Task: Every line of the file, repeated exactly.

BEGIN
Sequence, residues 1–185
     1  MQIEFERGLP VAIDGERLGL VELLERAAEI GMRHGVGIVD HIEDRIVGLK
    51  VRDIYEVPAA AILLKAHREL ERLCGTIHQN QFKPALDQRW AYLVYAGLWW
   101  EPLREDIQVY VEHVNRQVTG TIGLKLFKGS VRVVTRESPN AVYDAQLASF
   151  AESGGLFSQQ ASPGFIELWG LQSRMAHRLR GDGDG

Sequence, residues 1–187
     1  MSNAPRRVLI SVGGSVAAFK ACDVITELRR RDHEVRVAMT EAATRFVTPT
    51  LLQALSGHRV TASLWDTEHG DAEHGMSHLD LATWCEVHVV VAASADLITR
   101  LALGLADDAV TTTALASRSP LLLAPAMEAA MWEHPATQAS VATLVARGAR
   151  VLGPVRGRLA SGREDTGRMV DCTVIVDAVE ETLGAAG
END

Sequence, residues 1–185
     1  MQIEFERGLP VAIDGERLGL VELLERAAEI GMRHGVGIVD HIEDRIVGLK
    51  VRDIYEVPAA AILLKAHREL ERLCGTIHQN QFKPALDQRW AYLVYAGLWW
   101  EPLREDIQVY VEHVNRQVTG TIGLKLFKGS VRVVTRESPN AVYDAQLASF
   151  AESGGLFSQQ ASPGFIELWG LQSRMAHRLR GDGDG

Sequence, residues 1–187
     1  MSNAPRRVLI SVGGSVAAFK ACDVITELRR RDHEVRVAMT EAATRFVTPT
    51  LLQALSGHRV TASLWDTEHG DAEHGMSHLD LATWCEVHVV VAASADLITR
   101  LALGLADDAV TTTALASRSP LLLAPAMEAA MWEHPATQAS VATLVARGAR
   151  VLGPVRGRLA SGREDTGRMV DCTVIVDAVE ETLGAAG